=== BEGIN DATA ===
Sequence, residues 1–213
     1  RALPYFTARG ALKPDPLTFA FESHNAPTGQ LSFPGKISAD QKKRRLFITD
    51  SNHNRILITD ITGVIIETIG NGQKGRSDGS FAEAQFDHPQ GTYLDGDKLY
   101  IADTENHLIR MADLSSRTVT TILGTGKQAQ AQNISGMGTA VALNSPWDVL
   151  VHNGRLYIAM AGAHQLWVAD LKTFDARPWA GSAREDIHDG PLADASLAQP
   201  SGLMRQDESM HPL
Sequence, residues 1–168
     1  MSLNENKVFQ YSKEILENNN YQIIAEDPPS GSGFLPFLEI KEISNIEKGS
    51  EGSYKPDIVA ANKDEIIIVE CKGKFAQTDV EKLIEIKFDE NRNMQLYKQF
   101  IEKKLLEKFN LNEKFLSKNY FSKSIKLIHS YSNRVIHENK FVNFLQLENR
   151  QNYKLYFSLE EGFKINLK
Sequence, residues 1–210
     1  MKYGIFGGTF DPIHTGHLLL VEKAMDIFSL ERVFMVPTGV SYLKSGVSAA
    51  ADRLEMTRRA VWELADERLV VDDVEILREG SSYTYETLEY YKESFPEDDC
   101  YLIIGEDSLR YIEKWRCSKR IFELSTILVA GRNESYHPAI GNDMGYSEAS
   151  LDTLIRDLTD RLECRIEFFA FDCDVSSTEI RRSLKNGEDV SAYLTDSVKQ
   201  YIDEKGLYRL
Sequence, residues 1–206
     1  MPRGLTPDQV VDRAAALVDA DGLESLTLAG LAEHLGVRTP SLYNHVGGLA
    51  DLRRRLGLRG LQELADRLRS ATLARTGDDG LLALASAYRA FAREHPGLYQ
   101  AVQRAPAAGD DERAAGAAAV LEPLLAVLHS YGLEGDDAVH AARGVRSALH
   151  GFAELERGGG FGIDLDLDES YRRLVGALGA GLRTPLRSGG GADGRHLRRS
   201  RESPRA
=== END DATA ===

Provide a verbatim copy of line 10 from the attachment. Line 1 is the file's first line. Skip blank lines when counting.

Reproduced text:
   101  IEKKLLEKFN LNEKFLSKNY FSKSIKLIHS YSNRVIHENK FVNFLQLENR